By Rodney P. Carlisle, Naval Institute Press, Annapolis, MD, (2017)
Reviewed by Nathan Albright
I was very impressed with the new content the author brought to my attention coming into this book. The author takes a deep look into the often arcane aspects of maritime law and practice to uncover the largely unknown origin of the contemporary phenomena of flags of convenience and second registries that serve as an example of the dynamic process between the efforts of states to regulate the conduct of maritime commerce and the desire of companies engaged in such commerce to strenuously avoid such regulations, at times abetted by the American government for reasons of state. The War of 1812 began in large part because of concerns about the dignity of the American flag and it lack of respect by the British Navy. One thing the flight of ships from one flag to another has done in the past few decades is reduce the tension on the part of patriotic Americans to feel it necessary to thrash pirates engaged in maritime depredations in places like the Strait of Malacca or the Gulf of Guinea or the Horn of Africa. The author states that “this work unfolds that tale,” and it does.
And what a tale it is. Beginning with a discussion of the prickly maritime code duello that led many nations into wars to defend the honor of the flag, the author looks at disputes over the right of search related to the War of 1812 and the fight against the illegal international slave trade, the use of false flags during the Civil War as Union merchantmen sought to avoid destruction at the hand of Confederate commerce raiders, and the frequent problems of insults to the flag in the postwar period when America’s naval impotence led other nations to feel no compunction about the threat of retaliation. Thus far, the author is on ground that is familiar to many readers, but it is precisely at this point that the book takes a turn into areas far less familiar to many. First, the author shines a spotlight on the obscure Muscat Dhows Decision and the biased nature of how it was made by the august writer of the “separate but equal” decision of the Supreme Court in Plessy v. Ferguson (for which he is remembered in American history). He then examines the obscure role of the semi-autonomous city-state Danzig during the 1920s and 1930s in providing the link between that decision and the contemporary problem of flags of convenience, showing how ships fled the flag of Danzig upon the rise of Nazi Germany and sought a safe harbor in Panama. Panama’s role as a flag of convenience allowed for a cozy relationship with the United States and a reduction of tensions in the lead-up to World War II, and thereby allowed a way for ships that could not meet American standards to still be used in the war effort. The success of these efforts allowed for the proliferation of similar states like Liberia, whose national registry was written by American lobbyists in the interests of American maritime firms who used it happily until Liberia’s political situation soured, which led to a shift to the Marshall Islands Register, whose quick success heralded a new age of second registers and problems of port-state control that plague us to this day.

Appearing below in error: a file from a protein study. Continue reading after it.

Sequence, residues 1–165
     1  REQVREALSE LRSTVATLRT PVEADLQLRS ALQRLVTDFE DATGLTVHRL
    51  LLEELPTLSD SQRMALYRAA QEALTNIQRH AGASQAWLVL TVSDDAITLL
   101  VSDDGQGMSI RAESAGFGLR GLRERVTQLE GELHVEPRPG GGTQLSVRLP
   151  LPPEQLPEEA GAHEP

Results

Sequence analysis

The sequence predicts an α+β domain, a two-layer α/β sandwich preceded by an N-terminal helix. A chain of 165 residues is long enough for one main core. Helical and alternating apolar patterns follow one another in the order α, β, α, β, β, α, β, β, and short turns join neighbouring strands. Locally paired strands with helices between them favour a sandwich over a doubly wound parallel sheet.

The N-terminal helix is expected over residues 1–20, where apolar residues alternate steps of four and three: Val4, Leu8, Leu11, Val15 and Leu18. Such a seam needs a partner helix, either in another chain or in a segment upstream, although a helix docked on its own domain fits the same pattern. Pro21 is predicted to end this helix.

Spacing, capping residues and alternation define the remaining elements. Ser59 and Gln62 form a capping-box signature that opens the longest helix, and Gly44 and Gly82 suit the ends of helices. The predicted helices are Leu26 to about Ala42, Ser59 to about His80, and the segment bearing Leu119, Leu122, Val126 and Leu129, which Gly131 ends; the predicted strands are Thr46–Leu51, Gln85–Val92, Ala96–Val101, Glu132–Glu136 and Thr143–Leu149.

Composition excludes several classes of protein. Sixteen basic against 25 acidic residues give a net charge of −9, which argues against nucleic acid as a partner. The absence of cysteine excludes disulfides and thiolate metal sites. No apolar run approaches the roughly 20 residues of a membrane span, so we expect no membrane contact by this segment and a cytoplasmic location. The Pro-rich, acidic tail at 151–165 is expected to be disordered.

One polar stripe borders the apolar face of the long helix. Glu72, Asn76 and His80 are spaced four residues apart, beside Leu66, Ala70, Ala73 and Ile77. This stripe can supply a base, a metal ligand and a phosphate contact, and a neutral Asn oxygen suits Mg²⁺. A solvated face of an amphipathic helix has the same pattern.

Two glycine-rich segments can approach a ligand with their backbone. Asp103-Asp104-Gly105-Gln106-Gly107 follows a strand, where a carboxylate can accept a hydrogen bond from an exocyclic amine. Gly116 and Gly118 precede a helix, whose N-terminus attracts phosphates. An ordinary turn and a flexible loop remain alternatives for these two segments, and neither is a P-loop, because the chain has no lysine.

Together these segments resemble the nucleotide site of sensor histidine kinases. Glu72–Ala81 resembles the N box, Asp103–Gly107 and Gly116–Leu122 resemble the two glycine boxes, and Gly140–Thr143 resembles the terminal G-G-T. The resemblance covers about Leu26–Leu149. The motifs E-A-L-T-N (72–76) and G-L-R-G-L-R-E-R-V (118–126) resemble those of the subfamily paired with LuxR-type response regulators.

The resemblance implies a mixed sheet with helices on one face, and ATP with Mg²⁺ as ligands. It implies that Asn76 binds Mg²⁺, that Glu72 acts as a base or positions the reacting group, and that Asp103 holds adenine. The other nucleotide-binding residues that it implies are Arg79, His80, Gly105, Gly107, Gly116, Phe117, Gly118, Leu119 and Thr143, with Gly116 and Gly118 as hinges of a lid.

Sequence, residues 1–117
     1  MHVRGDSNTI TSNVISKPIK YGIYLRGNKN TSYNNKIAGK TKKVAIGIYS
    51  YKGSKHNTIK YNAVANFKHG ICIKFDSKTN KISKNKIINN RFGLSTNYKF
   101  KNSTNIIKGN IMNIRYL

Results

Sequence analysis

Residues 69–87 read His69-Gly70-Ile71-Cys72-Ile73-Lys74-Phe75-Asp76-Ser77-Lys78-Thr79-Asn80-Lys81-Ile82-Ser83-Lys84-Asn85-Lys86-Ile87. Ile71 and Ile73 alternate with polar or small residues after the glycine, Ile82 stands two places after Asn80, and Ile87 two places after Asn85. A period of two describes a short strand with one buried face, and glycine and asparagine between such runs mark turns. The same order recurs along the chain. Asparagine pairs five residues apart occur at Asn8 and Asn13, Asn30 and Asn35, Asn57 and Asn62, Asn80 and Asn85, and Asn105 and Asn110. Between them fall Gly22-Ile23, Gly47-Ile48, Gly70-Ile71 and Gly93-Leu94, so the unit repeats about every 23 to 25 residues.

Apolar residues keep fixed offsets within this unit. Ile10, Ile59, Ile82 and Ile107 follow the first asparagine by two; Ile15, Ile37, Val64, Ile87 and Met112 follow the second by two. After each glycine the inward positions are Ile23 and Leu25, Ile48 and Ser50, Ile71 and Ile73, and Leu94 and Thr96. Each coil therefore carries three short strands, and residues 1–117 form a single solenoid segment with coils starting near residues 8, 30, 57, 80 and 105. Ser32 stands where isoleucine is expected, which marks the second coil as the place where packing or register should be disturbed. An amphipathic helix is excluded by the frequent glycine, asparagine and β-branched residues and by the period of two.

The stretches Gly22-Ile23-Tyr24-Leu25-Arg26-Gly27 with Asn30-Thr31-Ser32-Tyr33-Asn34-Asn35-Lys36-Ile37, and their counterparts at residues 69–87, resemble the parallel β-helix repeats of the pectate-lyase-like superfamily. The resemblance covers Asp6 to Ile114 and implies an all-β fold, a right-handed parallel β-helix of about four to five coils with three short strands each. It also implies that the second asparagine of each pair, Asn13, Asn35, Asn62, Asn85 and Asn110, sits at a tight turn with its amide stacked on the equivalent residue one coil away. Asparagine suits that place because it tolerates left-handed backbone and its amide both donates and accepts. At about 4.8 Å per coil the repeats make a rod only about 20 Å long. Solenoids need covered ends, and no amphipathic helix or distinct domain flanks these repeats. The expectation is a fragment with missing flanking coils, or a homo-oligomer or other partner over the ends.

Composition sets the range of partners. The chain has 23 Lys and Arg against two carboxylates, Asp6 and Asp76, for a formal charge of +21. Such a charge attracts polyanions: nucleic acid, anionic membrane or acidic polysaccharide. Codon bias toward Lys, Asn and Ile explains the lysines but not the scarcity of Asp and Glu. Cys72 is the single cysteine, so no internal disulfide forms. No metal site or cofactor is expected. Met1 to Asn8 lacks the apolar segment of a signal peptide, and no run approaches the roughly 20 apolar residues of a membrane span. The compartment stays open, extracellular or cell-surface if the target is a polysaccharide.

The author’s research reveals a fundamental tension between maritime trade and national policy. Internal political pressures often push port-state nations to seek for security and regulations that benefit first world workers within the merchant marine. Other political pressures, though, lead to the desire on the part of companies to avoid such regulations and seek out flags which allow for a greater freedom of action and less burdensome requirements. Yet as nations and dependencies see a great deal of income in nations wishing to register under their flag, there are similar pressures on their part to increase the income that they draw from those sources, which leads companies in a search for lower regulations and fees, even as port-state nations show increasing concern for their own environment and national security. This book shows the results of that tension in fascinating ways, and shows that these tensions are nowhere close to any sort of resolution and balance at present.
Those readers who have a strong interest in naval history, the complicated relationship between maritime commerce and foreign policy, and globalization will find a great deal of interest in this fascinating book. It is likely that just about anyone reading this book will uncover some new and deeply intriguing tidbit of information from the author’s immensely far-reaching research into the relationship between flags of convenience and diplomacy. The author’s insights are as enlightening as they are frequently distressing for those of us who are fond of preserving and encouraging the development of our national merchant marine and who find the use of flags of convenience to avoid regulations that provide for decent pay, concern for the environment, and even the safety of crew members to be a problematic aspect of contemporary life. This book is clearly aimed at those who care about the well-being of people at sea and who have an interest in the history of American maritime commerce, and that is an audience that is likely to appreciate this book to a great degree.
Nathan Albright lives in Portland, OR.